But in the spring 2009 semester, when I was a college senior, the Muslim Student Association at the University of Maryland, which at that time was the most pro-Israel campus in America, organized a Palestinian Solidarity Week, where they compared the State of Israel to Nazis and accused the Jewish state of implementing a “holocaust” against the Palestinian people. They featured a speaker named Mauri Salaakhan, who claimed: “Israel has no more right to exist than apartheid had”; and Allison Weirs, who referred to Judaism as a “ruthless and supremacist faith” in an opinion piece she wrote in the Greenwich Citizen. Anyone who had the courage to confront them was denounced in the school newspaper, the Diamondback.
A year after that, one year after my college graduation, a chapter of the Students for Justice in Palestine opened on campus and they brought in a series of antisemitic speakers, one of whom declared: “The only good Zionist is a dead Zionist.” Around the same period, an apartheid wall was built on campus. And then, about a decade later, swastikas started to appear on many university campuses, including the dormitories of the University of Maryland of College Park. Around the same period, swastikas were spray painted on Jewish landmarks, such as synagogues and cemeteries. Washington Hebrew Congregation, my childhood synagogue, was one of the Jewish sites to suffer this fate. This was accompanied by the massacre at the Tree of Life Synagogue and a Chabad House in Poway, and the harassment of religious Jews in major cities like New York.
This later led to the zoom-bombing of Jewish webinars with antisemitic imagery, including a Save the West webinar that I attended. In fact, Greenblatt claims that Neo-Nazis have even interrupted Jewish funerals over Zoom, thus depriving Jewish mourners the ability to mourn their dead properly during the pandemic. This zoom-bombing has been accompanied by the massive looting of Jewish shops and institutions in Los Angeles and other cities during the pandemic. This was followed by antisemitic imagery being displayed during the storming of Capitol Hill and even in the elevator at the US State Department.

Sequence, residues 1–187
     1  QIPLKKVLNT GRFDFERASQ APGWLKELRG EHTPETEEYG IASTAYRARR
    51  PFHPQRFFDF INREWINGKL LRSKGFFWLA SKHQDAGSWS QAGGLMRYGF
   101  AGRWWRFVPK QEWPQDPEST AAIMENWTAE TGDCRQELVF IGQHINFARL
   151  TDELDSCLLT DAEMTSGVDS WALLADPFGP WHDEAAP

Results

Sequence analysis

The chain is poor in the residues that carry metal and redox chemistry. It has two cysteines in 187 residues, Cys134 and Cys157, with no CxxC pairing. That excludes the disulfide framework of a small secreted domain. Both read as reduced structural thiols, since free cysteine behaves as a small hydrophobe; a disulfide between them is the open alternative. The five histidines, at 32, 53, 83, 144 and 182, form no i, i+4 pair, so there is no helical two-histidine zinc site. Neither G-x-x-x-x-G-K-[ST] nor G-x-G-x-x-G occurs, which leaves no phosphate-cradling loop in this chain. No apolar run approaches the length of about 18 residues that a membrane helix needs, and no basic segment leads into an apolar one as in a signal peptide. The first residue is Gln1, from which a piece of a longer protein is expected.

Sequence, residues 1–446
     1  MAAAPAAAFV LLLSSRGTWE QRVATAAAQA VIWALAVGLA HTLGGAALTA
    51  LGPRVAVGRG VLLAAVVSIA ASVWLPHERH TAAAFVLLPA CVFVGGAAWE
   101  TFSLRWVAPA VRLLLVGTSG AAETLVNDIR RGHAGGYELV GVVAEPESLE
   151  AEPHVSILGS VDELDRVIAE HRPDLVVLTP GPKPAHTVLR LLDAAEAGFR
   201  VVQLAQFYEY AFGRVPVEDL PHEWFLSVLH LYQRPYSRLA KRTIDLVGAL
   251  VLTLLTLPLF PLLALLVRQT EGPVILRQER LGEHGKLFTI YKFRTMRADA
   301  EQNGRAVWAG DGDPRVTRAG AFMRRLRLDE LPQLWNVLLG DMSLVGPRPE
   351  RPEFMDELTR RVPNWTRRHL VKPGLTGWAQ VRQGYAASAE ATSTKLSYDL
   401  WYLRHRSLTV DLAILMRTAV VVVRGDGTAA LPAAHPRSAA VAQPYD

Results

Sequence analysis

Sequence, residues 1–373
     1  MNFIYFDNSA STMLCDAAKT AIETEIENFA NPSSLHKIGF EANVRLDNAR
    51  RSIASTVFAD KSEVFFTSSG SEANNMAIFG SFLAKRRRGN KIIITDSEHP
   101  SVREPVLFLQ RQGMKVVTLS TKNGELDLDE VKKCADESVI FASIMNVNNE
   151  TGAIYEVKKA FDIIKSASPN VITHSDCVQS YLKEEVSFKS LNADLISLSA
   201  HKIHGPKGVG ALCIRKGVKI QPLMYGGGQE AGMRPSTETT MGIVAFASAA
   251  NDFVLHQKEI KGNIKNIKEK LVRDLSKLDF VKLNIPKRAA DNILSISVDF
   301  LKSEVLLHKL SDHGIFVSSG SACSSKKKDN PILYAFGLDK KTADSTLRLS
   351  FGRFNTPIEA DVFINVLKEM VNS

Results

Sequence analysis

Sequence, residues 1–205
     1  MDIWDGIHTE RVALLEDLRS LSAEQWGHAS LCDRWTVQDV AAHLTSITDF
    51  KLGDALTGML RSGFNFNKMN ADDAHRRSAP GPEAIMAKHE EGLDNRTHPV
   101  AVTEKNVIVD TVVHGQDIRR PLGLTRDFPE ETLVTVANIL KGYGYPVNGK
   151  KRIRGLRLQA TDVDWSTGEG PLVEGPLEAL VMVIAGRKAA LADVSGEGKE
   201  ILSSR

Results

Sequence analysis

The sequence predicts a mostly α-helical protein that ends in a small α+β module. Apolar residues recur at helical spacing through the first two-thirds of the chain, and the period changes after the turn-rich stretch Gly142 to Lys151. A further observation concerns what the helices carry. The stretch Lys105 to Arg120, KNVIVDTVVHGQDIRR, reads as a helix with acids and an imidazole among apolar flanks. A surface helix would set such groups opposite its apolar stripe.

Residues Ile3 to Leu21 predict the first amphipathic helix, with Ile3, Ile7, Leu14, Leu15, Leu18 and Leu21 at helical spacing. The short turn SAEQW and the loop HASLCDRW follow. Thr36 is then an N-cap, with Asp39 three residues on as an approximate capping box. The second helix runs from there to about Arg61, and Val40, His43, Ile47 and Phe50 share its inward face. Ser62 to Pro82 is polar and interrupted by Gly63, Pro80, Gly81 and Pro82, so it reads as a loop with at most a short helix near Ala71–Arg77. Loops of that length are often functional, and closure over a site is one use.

All these incidents led us to the point now where swastikas were drawn on an iconic landmark like Union Station in Washington, DC. This makes us ponder, if things have been steadily escalating like this, what will happen next to American Jewry? In this ground-breaking book, Greenblatt discuses a Pyramid of Hate. In this pyramid, at the bottom, there are biased attitudes, where people are raised to stereotype people in a certain way, which leads us to act out on that bias, which is the second level on the Pyramid of Hate: “Acts of bias take many forms, including insensitive remarks, ethnic jokes, name calling and slurs. This category varies widely in terms of the seriousness of the acts, ranging from non-inclusive language to bullying and dehumanization.”
Greenblatt claims that this gives rise to “systematic discrimination,” when discrimination is “enshrined in law and becomes common practice, affecting virtually all aspects of everyday life.” According to Greenblatt, systematic discrimination in America is already in place both for women and African Americans. He claims when systematic discrimination becomes the norm, this leads us to “bias-motivated violence,” which “isn’t much of a stretch. This category spans from vandalism of property and severe harassment all the way up to murder and acts of mass violence.” And at the top of the pyramid, there is genocide, which he noted not only includes the Holocaust, but also the Rwandan Genocide, the Yezidi Genocide, the destruction of minority populations in the former Soviet Union and the ethnic cleansing of Muslims in Bosnia during the 1990’s.
Thus, Greenblatt concluded that “the path to genocide might be shorter than you think. The pyramid overlaps with other theories about possible warning signs of genocide. One academic expert cites the presence of hate propaganda in the media and elsewhere and the presence of unjust discriminatory legislation and related measures as warning signs of genocide. Both are reflected in the Pyramid of Hate. Another model, known as ‘The Ten Stages of Genocide,’ lists discrimination, dehumanization, and polarization as steps on the path of genocide. The prevalence of hate speech and hateful actions of increasing intensity and virulence should set off societal alarm bells.”
In the book, a survivor of the Bosnian genocide, Columbia University Professor Sabic El Rayees, has a warning for Americans: “From where I sit, the US has moved through most of the steps of societal disintegration that I witnessed in the former Yugoslavia.” She claims that hate is leading Americans to “dark places, faster than they might think.” She says that genocide was also unimaginable in the former Yugoslavia and that she had underestimated the power of dehumanization.
In conclusion, Greenblatt proclaimed: “Even if organized mass genocide is not on our doorstep, and I desperately hope it is not, broad civil unrest, sporadic clashes and widespread tribal violence no longer seem unimaginable. Hate is insidious. It is growing. And its terrifying in its destructive potential. We cannot wait for others to stop it. We must stop it ourselves while we still can.”